Indiana Teen Wins $2,000 in Drowsy Driving PSA Contest
Kaitlyn Webber, 16, of Hobart, IN, has been named winner of the fifth annual Drive Safe Chicago PSA Contest. Webber, a student at Porter County Career Center in Valparaiso, won $2,000 from The National Road Safety Foundation for her script for a 30-second TV public service announcement about the dangers of drowsy driving.
Drowsy driving is a factor in crashes that kill more than 5,000 people every year and injure more than 500,000.
The contest, run by The National Road Safety Foundation, a non-profit that promotes safe driving, drew more than 100 entries and three finalists were selected. The National Road Safety Foundation then worked with them to make their scripts into finished TV spots, which were posted on the Chicago Auto Show’s Facebook page, where the public voted online for their favorite PSA. The winning message will debut at the Chicago Auto Show before airing nationwide on more than 160 TV stations.
Logan Conner, 18, of Ft. Wayne, was first-runner-up and won $1,000. Johnathan Dakota Culver, 16, of LaFontaine, IN won $500 as second runner-up.
“We salute Kaitlyn and the other finalists in the Drive Safe Chicago contest,” said Ray Scarpelli Jr., 2019 Chicago Auto Show chairman. “Today’s new cars have technology to warn drivers if they appear to be drowsy, but the ultimate responsibility to be awake and alert is with the driver. It is an important message not only for young people but for all drivers, and we are pleased that our finalists showed such great creativity to communicate it."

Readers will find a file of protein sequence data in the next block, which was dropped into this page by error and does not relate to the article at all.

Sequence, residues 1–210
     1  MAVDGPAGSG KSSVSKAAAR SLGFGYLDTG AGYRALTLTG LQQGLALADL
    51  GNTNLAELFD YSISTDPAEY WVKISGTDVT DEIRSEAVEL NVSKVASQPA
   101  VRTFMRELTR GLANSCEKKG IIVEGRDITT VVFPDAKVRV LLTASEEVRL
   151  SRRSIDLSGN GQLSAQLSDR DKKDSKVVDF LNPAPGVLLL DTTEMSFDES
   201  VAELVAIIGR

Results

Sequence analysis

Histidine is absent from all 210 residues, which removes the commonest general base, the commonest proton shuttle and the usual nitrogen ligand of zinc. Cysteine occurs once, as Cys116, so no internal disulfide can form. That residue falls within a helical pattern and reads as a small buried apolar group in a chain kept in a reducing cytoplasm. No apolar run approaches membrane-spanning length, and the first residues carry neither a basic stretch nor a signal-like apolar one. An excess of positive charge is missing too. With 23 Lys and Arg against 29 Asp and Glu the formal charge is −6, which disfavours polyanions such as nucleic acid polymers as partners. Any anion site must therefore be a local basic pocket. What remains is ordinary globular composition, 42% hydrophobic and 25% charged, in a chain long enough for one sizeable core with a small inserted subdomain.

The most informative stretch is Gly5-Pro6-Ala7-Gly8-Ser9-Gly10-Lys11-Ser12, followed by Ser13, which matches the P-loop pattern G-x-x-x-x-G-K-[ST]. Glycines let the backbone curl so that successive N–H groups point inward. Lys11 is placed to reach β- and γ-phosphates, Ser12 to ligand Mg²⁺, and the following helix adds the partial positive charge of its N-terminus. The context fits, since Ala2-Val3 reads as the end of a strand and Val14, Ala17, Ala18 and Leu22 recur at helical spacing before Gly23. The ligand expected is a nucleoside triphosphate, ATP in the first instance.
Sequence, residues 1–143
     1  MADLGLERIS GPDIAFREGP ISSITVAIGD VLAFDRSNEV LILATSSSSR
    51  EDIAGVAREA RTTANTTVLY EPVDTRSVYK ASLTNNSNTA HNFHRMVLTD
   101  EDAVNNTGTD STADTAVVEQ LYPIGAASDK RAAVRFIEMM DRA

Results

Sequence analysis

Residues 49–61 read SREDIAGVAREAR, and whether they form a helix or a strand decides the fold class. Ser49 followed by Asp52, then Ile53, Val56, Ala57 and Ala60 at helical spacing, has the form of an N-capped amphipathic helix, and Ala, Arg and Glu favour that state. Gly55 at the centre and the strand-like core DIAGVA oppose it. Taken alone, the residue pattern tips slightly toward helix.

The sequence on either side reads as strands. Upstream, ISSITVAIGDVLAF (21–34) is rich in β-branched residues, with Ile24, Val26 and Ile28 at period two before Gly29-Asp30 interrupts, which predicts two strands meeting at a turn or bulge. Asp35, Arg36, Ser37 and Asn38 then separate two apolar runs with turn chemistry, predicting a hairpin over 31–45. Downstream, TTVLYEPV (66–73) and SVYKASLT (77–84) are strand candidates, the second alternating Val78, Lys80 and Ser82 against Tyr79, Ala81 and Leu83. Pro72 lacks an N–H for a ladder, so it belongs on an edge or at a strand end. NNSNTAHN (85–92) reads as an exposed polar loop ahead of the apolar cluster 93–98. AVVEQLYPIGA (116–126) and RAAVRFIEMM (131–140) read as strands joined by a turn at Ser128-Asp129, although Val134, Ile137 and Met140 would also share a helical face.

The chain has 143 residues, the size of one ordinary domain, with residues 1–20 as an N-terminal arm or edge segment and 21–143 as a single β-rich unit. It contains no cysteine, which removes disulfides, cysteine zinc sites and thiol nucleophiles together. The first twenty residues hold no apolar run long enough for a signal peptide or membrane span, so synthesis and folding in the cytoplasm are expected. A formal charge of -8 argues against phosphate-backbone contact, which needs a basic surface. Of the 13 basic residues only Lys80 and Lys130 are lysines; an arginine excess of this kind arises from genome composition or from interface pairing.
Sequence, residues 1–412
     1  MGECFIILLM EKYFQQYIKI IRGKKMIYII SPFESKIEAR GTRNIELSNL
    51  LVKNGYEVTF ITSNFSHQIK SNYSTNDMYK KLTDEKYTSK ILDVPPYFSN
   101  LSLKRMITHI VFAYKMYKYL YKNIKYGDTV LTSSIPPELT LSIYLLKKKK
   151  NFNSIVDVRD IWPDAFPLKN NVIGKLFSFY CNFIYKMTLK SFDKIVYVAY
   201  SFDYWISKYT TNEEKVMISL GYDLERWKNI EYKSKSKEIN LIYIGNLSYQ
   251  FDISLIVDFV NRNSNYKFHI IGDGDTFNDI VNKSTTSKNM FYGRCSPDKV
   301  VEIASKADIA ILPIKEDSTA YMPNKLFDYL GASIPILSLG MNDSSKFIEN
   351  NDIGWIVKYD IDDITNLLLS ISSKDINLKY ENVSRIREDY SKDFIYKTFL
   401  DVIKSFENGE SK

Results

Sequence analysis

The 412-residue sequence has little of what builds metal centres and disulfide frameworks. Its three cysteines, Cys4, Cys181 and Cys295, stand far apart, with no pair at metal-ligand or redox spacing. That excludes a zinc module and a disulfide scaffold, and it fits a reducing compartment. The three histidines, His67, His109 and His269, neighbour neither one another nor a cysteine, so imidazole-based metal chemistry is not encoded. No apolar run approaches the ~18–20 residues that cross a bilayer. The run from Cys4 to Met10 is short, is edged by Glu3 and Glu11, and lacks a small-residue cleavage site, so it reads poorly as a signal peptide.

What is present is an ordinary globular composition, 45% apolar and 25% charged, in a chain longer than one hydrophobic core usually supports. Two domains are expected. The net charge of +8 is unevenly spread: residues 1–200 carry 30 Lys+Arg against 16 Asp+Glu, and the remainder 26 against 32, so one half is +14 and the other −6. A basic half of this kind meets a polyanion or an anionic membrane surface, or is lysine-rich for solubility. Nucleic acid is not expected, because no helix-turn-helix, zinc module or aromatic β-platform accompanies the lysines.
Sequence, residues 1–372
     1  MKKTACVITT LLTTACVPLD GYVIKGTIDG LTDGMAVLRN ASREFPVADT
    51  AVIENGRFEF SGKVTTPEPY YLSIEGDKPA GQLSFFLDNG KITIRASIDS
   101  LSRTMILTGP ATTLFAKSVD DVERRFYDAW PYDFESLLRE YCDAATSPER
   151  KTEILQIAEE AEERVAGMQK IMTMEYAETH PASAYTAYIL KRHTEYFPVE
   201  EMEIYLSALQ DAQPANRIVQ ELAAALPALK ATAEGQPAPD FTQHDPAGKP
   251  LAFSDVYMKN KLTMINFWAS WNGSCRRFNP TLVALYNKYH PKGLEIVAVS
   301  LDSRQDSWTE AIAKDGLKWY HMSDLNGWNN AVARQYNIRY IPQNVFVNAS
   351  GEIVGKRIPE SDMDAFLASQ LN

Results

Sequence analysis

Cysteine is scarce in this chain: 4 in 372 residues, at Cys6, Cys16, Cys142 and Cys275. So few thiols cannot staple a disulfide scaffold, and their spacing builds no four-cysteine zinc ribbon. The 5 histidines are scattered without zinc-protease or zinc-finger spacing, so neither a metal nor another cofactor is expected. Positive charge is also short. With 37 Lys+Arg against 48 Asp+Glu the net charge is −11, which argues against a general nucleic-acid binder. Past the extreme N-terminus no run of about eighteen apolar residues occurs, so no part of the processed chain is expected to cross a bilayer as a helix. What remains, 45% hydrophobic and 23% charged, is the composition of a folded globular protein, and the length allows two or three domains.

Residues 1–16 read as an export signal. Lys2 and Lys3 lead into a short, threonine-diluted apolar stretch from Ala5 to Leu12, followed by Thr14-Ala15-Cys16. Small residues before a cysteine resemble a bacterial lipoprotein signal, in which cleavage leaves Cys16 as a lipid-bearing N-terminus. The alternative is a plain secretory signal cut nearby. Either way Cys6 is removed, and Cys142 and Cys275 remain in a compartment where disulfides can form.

Kaitlyn’s video instructor at Porter County Career Center, Robert Phelps, has had students as finalists or winners in each of the previous Drive Safe Chicago contests.
"Young people need more sleep than adults, yet too many of them don’t get enough sleep," said Michelle Anderson of The National Road Safety Foundation. "They think they can function and drive on minimal sleep, but they can’t. Kaitlyn’s PSA uses humor to communicate an important drowsy driving message to her peers and to all drivers.”
Back to News